Providing leadership, advocacy, and resource to eliminate barriers and promote quality health for the uninsured and underserved in our service area.
When I dismantle HCF’s mission into its bits and pieces, the action words stand out loud and clear: “leadership, advocacy, and resources,” but perhaps more importantly I think about the who of this Foundation. Who are we here to help and how? We exist to serve the uninsured and underserved.
HCF’s founders could have explained this population in countless ways, “low-income,” “poor,” “needy,” “at-risk,” but the word that stuck was uninsured. This is because insurance status is one of the most powerful predictors of health outcomes. People without health insurance are more likely to delay needed treatment, receive late-stage diagnoses, have unmanaged chronic diseases, and receive poor quality care. Therefore HCF has consistently prioritized access to care in both our grantmaking and policy advocacy.
Our 2018/2019 policy agenda continues our advocacy in support of maintained and expanded access to health coverage for those who are uninsured. The political tumult in Washington DC surrounding ACA repeal and replace efforts (see here, here, here, and here) has certainly elevated a national political dialogue about how we structure and fund our nation’s health care system.
I have no crystal ball to foretell where these conversations will go, but I am confident that HCF will be at the table, ensuring that the health of the uninsured is protected. Here are just a few of the specifics we will be watching in the coming years around access to coverage:
- The Kansas legislature passed KanCare expansion in the 2017 legislative session, but the bill was vetoed by Governor Sam Brownback. The legislature was just a few votes shy of overriding the Governor’s veto. We will support advocacy to expand KanCare once again.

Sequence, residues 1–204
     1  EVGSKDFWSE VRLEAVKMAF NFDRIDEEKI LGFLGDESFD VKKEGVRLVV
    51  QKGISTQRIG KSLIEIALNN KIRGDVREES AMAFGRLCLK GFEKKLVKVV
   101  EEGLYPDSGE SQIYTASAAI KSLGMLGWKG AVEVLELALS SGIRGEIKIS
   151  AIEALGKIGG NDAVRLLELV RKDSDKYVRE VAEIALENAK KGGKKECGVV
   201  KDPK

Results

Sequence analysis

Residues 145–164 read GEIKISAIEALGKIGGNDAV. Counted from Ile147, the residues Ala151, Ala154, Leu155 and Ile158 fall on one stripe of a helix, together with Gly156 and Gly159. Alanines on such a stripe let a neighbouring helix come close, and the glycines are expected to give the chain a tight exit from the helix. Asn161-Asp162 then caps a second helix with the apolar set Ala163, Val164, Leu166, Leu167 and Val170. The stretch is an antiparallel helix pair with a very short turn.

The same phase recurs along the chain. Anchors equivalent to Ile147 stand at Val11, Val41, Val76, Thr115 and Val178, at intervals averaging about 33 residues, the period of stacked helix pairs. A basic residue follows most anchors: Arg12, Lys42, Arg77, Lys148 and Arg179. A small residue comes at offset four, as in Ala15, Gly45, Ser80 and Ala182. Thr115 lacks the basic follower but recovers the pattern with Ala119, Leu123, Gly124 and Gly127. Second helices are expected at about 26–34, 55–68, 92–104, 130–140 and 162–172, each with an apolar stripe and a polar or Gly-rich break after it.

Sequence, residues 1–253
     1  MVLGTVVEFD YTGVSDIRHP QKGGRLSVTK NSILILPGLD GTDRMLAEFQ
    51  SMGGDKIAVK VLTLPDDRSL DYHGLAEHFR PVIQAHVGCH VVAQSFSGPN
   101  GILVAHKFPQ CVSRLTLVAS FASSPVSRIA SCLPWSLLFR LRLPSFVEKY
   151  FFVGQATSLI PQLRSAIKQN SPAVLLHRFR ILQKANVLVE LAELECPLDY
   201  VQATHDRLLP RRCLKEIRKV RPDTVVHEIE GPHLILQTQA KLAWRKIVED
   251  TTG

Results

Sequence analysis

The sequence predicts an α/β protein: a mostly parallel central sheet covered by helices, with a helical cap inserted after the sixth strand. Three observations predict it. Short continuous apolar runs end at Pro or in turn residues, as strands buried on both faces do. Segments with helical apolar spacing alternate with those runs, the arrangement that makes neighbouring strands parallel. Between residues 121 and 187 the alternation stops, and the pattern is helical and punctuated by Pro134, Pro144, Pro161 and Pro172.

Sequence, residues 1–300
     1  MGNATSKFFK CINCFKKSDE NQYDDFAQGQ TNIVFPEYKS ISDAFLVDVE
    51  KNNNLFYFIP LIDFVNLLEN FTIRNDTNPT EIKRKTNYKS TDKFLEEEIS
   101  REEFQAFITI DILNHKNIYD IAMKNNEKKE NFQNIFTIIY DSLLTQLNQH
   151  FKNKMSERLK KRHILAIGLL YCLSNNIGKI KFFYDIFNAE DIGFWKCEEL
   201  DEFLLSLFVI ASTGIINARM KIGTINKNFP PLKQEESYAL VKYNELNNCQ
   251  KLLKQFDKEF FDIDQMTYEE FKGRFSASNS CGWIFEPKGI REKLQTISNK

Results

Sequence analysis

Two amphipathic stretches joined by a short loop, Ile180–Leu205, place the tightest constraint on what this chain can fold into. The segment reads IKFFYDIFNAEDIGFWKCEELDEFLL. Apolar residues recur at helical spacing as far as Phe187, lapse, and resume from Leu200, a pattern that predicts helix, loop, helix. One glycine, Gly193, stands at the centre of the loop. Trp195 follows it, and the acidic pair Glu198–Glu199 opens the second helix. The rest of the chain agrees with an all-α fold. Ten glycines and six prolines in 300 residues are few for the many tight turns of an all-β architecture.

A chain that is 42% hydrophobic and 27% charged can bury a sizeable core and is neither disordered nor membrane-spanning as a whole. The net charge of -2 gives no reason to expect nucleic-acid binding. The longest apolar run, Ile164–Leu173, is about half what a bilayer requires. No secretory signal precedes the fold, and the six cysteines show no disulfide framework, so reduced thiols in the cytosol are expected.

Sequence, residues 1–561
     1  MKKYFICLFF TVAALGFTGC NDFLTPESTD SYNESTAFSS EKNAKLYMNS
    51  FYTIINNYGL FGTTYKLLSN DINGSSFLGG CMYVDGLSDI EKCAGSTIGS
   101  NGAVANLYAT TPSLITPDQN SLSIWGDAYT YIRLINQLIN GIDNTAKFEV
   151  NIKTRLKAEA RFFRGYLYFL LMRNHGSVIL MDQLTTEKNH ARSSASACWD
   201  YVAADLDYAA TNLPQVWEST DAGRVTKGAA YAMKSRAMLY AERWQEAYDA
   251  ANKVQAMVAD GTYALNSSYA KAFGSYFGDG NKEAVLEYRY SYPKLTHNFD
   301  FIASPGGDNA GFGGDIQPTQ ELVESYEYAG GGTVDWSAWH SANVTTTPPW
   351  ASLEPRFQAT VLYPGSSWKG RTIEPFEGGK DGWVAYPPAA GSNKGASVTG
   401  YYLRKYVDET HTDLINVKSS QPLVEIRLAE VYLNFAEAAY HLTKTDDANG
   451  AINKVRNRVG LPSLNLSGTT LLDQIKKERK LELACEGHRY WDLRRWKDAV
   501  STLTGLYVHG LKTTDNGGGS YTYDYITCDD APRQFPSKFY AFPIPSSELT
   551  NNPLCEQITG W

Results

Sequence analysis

- Many of the federal ACA repeal/replace efforts included policies that would block grant the Medicaid program, ultimately reducing in decreased funding to states. We are watching both Kansas and Missouri to guard against block grant proposals that threaten access to care for our most vulnerable. We will also ensure that the KC federal delegation understands how such proposals would impact our community.
- The Affordable Care Act, while far from perfect, has resulted in substantial declines in the number of people in our community who are uninsured. The number of uninsured people in Kansas and Missouri has decreased by nearly 300,000 since the ACA passed in 2009. HCF appeals to our elected leaders to preserve what has worked about the ACA and improve upon what hasn’t.
- Maine’s recent Medicaid expansion via ballot initiative prompts questions about whether such a proposal would be supported in Missouri. Although Kansas law doesn’t allow for such citizen initiatives, the door is open in Missouri. If both Missouri and Kansas expand Medicaid, there will be 700,000 fewer people who are uninsured. This would bring approximately $325 million into our six-county service area each year in support of health access for our neediest residents.
- We will be vigilant to defend and maintain existing coverage. Budgets are tight and Medicaid is under siege; still, this is not a time for backtracking on hard-fought gains, such as the Children’s Health Insurance Program and adult dental Medicaid benefits.
- Finally, we are eager to advance some of the incremental access improvements recommended in our research on a “Pathway to a Reformed and Expanded MOHealthNet System.”
The beginning of a new year is always a time to set priorities with renewed vigor. We at HCF are excited to start another year of providing leadership, advocacy and resources so we can continue toward a culture of health that includes everyone, especially the uninsured and underserved.